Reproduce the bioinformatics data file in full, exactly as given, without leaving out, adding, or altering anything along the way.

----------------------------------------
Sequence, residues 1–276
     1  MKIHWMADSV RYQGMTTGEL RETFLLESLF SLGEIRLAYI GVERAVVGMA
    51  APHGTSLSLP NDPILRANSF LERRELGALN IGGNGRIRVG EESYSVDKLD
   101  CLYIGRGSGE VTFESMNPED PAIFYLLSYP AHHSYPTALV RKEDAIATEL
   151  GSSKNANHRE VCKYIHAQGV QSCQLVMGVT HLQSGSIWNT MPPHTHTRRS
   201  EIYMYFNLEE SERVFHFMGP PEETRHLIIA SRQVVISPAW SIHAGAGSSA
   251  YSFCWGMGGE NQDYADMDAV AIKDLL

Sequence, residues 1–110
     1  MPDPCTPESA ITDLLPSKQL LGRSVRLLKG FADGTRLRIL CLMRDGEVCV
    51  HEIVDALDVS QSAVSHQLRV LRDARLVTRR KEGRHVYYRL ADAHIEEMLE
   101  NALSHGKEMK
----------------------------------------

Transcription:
Sequence, residues 1–276
     1  MKIHWMADSV RYQGMTTGEL RETFLLESLF SLGEIRLAYI GVERAVVGMA
    51  APHGTSLSLP NDPILRANSF LERRELGALN IGGNGRIRVG EESYSVDKLD
   101  CLYIGRGSGE VTFESMNPED PAIFYLLSYP AHHSYPTALV RKEDAIATEL
   151  GSSKNANHRE VCKYIHAQGV QSCQLVMGVT HLQSGSIWNT MPPHTHTRRS
   201  EIYMYFNLEE SERVFHFMGP PEETRHLIIA SRQVVISPAW SIHAGAGSSA
   251  YSFCWGMGGE NQDYADMDAV AIKDLL

Sequence, residues 1–110
     1  MPDPCTPESA ITDLLPSKQL LGRSVRLLKG FADGTRLRIL CLMRDGEVCV
    51  HEIVDALDVS QSAVSHQLRV LRDARLVTRR KEGRHVYYRL ADAHIEEMLE
   101  NALSHGKEMK